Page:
More than 15,000 signatures were turned in today by supporters of an initiative for the November ballot that would force San Francisco to formulate a plan to dismantle its water system in Yosemite National Park’s Hetch Hetchy Valley.
The Yosemite Restoration Campaign gathered 15,806 signatures and turned them in this afternoon at the city’s Department of Elections following a news conference on the steps of City Hall.
The initiative “is designed to take San Francisco from last in the state to first in the nation in terms of managing its water resources,” said Mike Marshall, campaign director for the initiative. “We can do better.”
Elections officials have 30 days to verify that at least 9,702 of the signatures are from registered San Francisco voters to qualify the measure for the ballot.
Marshall said the city has refused to consider a plan to dismantle the reservoir in Hetch Hetchy, which was created in 1923 by damming the Tuolumne River.
If the initiative is approved by voters in November, it would force the city to come up with a plan to improve its use of local water supplies and stop using water from Hetch Hetchy by 2035.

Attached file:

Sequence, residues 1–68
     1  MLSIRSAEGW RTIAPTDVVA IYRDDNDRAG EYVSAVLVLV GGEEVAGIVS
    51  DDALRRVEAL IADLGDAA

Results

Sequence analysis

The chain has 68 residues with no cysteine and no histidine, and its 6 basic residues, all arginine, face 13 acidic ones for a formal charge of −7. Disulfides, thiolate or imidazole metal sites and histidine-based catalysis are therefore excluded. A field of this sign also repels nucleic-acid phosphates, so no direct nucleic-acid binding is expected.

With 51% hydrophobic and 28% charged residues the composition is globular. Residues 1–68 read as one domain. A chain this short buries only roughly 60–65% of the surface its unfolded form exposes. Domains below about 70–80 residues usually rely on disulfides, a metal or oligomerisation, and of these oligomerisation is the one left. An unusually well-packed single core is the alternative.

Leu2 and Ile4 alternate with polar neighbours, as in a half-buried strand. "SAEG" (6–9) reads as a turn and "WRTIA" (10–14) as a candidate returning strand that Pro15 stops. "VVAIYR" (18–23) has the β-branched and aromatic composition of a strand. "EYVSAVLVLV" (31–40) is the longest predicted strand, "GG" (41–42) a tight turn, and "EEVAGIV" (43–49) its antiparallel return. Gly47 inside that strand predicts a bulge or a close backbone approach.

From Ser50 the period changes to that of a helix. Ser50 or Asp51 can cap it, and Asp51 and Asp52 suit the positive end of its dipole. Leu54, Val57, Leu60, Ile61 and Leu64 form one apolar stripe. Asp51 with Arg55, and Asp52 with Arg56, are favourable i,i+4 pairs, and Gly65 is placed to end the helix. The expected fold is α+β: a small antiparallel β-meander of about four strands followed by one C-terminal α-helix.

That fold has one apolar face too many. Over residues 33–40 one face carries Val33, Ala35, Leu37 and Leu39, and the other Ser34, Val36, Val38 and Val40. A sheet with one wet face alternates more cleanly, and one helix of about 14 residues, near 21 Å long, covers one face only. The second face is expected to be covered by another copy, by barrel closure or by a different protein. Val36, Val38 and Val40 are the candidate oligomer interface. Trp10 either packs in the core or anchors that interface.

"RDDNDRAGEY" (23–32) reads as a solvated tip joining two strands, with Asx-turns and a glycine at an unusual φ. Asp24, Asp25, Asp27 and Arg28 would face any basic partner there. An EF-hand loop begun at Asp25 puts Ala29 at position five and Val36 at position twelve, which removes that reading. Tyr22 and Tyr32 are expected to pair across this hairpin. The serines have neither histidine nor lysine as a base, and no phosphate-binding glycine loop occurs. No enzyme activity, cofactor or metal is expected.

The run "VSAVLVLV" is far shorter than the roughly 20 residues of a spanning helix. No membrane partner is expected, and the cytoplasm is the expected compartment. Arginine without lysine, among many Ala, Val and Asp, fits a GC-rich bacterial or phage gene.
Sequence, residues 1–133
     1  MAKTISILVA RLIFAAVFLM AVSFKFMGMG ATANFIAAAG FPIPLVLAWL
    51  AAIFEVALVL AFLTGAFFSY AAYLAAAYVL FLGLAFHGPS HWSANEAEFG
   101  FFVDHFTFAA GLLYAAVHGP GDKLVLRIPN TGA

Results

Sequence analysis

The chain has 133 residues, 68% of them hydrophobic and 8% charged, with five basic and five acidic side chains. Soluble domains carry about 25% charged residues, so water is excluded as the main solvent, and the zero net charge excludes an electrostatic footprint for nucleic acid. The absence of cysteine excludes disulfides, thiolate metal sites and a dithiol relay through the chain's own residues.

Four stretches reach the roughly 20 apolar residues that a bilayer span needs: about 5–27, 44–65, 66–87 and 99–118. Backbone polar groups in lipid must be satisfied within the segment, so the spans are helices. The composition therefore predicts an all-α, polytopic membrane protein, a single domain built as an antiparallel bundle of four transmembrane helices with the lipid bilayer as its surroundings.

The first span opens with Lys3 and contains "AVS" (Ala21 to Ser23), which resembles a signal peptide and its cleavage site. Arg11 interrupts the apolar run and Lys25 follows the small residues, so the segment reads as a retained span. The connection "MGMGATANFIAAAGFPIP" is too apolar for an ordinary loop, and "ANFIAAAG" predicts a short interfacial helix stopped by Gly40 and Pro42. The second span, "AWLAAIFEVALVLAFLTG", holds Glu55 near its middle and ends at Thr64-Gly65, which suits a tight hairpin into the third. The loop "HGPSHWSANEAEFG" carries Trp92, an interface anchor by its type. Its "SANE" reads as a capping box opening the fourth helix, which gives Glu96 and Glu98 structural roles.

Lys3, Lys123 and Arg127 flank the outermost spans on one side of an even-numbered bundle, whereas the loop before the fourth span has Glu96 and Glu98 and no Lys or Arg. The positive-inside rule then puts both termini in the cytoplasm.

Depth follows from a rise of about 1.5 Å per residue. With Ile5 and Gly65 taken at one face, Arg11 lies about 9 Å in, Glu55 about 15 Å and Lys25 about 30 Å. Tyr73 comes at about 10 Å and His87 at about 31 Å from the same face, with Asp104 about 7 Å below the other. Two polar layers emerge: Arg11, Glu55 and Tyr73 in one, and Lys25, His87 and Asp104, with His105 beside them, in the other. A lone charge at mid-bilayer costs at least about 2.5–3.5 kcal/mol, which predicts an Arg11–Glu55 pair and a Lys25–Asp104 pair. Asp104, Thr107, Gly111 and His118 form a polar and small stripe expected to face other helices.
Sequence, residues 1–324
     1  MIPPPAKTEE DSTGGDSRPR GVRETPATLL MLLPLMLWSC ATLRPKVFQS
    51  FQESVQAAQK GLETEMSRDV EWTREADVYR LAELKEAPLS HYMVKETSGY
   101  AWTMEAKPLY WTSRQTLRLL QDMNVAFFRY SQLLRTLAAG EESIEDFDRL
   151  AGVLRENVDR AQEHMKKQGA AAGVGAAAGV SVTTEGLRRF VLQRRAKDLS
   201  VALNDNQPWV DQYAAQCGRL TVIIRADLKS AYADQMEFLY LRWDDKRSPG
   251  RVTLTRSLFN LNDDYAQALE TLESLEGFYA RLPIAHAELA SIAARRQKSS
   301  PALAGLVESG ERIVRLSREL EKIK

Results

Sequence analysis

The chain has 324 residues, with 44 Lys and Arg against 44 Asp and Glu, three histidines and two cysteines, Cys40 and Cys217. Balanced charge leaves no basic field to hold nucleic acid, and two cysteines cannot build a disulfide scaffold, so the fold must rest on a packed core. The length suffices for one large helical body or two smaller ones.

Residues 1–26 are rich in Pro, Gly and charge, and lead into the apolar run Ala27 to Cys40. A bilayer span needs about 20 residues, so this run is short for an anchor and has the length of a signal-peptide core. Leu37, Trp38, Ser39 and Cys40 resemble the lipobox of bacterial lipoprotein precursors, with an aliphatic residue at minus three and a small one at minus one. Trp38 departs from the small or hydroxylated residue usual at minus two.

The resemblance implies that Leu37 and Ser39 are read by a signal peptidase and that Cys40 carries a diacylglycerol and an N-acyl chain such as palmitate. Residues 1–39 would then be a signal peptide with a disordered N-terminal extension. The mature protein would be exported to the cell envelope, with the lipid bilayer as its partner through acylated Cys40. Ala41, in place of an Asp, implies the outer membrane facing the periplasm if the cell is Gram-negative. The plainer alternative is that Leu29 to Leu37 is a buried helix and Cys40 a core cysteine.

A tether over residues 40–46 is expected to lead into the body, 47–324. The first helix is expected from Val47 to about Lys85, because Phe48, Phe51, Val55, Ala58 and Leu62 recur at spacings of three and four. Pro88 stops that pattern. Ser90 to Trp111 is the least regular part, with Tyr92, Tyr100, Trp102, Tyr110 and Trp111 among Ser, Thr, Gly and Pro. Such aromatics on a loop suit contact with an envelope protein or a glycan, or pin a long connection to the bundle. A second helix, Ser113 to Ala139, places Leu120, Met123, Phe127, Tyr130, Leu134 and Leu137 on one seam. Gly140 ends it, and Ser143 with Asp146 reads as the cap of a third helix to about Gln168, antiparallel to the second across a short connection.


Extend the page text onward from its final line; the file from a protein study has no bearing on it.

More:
The plan would be crafted by a five-member board, and would have to be approved by voters in 2016.
Opponents of the initiative issued a statement today pointing out that nearly every local politician, including Mayor Ed Lee, all 11 members of the Board of Supervisors and Democratic Leader Nancy Pelosi, have come out against it.
Marshall said, “The issue isn’t about what the politicians decide … I think most San Franciscans would like to see Hetch Hetchy restored.”
The opponents, a coalition called Citizens for Reliable Water and a Healthy Environment, said in a statement that the $8 million planning process set up by the initiative would put San Francisco “on a path to destroying one of the world’s greatest engineering feats.”
Dan McMenamin, Bay City News